By Joel S. Hirschhorn
Published November 08, 2006
Forget political correctness. The revolution has not arrived! Bush is still president. The corporate state is safe. The upper class has little to fear. Lobbyists will be writing different names on checks. Winning Democrats will entertain more than they will produce historic restorative reforms.
Did Republicans deserve to lose? Of course! However, Americans who thought their votes would bring much needed change to our political system also lost. They just don't know or admit it yet. As usual, the third-party movement lost, because the two-party duopoly maintained its stranglehold on our political system.
Populists and true progressives lost. Who or what was the biggest winner? The short-term and delusional tactic of lesser-evil voting won big.
On the liberal left, millions of anti-Bush, anti-Iraq war voters held their noses and repressed the truth about cowardly and compromised Democrats. They rationalized why beating Republicans was the most important goal. Fake, neo-progressives, little more than embarrassed Democrats, finally showed their true blue commitment.
On the right, millions of fiscal conservative, pro-life, and evangelical voters blocked out many facts, disappointments and scandals, and rationalized why keeping Republicans in power was the most important goal. They wanted to stay the course.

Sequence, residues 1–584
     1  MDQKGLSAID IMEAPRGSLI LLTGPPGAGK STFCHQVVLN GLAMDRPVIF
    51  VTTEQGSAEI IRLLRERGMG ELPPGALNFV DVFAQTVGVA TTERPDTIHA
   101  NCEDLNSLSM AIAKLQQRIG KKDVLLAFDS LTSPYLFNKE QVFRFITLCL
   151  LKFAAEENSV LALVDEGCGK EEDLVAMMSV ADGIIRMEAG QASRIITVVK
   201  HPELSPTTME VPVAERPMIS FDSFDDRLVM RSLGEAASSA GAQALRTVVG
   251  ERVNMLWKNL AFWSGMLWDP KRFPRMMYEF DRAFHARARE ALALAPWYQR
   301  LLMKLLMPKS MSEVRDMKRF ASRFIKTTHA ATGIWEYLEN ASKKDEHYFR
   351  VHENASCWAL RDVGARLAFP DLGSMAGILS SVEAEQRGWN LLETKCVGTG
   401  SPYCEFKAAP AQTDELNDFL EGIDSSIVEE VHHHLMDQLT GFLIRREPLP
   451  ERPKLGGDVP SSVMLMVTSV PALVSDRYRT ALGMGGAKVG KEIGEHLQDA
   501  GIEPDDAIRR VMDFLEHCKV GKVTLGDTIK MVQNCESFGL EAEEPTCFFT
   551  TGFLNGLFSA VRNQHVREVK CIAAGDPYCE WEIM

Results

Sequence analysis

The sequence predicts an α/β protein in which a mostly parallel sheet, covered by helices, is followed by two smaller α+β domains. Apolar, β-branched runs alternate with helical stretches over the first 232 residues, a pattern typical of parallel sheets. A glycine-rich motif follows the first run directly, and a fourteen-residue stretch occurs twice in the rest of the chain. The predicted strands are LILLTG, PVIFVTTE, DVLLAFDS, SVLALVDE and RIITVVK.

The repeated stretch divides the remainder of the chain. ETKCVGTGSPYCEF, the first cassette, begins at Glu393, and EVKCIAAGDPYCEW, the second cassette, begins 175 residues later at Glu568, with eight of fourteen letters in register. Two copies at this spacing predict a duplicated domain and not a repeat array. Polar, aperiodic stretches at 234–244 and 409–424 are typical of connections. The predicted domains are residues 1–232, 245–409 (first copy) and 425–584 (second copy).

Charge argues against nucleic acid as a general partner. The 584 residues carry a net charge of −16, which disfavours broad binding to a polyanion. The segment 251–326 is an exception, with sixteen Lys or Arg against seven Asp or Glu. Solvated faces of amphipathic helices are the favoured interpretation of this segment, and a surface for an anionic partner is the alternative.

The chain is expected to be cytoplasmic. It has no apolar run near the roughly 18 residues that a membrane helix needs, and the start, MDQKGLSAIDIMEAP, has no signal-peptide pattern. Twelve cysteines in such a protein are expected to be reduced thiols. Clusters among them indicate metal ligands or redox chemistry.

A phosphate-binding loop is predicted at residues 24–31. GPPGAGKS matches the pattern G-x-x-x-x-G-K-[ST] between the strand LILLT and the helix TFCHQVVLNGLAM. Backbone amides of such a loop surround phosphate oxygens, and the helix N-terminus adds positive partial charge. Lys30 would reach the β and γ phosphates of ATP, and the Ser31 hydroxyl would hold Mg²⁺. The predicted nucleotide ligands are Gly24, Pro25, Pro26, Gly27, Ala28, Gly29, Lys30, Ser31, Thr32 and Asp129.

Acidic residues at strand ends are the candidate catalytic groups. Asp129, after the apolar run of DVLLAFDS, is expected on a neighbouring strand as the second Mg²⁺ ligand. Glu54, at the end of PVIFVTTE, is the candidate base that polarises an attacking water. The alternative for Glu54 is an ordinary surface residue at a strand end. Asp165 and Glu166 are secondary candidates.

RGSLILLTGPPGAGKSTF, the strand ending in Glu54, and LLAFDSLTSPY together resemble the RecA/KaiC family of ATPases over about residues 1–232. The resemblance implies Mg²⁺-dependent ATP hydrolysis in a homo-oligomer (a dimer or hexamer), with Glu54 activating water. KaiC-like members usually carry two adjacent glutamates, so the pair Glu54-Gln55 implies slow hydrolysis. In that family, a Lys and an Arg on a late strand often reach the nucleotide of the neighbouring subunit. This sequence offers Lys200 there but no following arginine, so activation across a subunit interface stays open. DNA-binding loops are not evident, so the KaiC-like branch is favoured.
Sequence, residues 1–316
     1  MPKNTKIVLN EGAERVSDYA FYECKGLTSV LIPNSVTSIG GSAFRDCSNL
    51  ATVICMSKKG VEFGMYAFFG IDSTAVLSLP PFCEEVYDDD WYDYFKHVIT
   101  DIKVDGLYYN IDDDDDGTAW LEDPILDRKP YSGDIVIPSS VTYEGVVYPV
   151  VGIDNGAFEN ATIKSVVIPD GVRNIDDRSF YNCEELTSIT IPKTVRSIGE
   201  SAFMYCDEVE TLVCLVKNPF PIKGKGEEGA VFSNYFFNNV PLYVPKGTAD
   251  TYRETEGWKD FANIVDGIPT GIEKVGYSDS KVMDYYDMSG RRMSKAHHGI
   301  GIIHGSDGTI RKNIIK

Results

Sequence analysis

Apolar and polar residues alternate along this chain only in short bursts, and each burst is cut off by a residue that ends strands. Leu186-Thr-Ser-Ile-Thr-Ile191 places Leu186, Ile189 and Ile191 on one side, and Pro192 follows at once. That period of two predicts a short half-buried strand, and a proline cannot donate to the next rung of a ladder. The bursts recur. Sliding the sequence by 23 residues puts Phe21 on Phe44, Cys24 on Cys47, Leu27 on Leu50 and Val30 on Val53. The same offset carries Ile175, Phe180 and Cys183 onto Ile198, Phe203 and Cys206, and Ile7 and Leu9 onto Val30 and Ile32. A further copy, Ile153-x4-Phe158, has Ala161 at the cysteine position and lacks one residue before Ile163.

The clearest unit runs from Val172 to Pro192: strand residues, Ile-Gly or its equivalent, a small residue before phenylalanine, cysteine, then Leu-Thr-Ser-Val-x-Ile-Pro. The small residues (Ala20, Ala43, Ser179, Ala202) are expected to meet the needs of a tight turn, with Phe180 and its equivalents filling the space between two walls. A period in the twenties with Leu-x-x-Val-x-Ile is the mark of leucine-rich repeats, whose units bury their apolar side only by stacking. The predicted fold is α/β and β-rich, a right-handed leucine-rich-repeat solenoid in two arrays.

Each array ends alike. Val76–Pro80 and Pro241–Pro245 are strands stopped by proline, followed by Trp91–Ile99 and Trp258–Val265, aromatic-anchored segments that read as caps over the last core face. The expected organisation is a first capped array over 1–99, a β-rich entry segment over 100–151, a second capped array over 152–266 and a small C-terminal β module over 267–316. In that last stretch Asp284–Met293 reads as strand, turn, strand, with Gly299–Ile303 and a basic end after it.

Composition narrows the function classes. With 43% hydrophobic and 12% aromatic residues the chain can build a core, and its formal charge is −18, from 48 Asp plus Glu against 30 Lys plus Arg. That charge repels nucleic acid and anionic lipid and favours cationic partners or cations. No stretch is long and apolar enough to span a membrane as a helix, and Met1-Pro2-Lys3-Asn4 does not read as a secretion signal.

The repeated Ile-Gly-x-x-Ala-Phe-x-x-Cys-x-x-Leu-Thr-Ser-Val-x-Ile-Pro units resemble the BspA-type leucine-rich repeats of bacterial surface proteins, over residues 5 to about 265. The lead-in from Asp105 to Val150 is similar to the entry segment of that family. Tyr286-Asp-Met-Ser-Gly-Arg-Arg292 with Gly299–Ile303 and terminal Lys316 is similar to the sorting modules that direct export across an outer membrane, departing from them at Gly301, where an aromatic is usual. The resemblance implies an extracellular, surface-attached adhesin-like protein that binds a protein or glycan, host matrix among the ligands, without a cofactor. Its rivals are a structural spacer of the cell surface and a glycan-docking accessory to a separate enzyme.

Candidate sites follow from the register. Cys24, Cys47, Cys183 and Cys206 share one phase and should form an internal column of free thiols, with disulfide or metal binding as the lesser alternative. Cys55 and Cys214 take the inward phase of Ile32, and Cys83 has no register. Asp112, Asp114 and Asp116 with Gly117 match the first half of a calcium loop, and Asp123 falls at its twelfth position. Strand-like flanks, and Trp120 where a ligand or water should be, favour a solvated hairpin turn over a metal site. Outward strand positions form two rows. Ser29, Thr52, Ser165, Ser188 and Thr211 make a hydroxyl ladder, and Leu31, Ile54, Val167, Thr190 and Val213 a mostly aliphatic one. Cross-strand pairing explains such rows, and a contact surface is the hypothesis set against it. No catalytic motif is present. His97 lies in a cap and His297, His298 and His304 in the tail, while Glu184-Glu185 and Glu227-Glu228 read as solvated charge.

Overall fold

Many spiritual libertarians given no Libertarian Party candidates went red. Spiritual greens went blue. Many independents, centrists and moderates unable to vote for None of the Above, went lesser-evil. Self-delusion ran rampant as placebo voting ruled the day.
Mainstream media and Internet sites whipped up sports-like-beat-the-other-team enthusiasm masquerading as civic responsibility and patriotism. Political pundits, negative ads, and bloggers kept us entertained. The recipients of some $2 billion spent on campaigning made out like bandits. The postal system benefited. Landfills filled up faster from all the political junk mail.
Despite all the hoopla, however, the majority of eligible voters were not motivated to vote. Do not ignore this sobering fact: It is estimated that national voter turnout was slightly over 40 percent, compared to 39.7 percent in the 2002 midterm. Two-party dominance does not bring out voters, and many Americans reject lesser-evil voting. Low voter turnout defines the opportunity for renewed new third-party efforts.
This much is clear: Voting has become more of a distraction from dealing with real problems confronting ordinary Americans than a means to solving them. Voting should mean more than helping your side win. When it only comes down to defeating one party so that the other one wins, lesser-evil voting produces a different colour of evil.
Two-party partisan change is not about attacking the status quo; it is about preserving the worst status quo of all: two-party control. Transferring power between the two major parties creates the dangerous illusion that our democracy works. The winner gets more money from corporate interests and their turn at pork spending, easier corrupt behavior and self-serving legislation.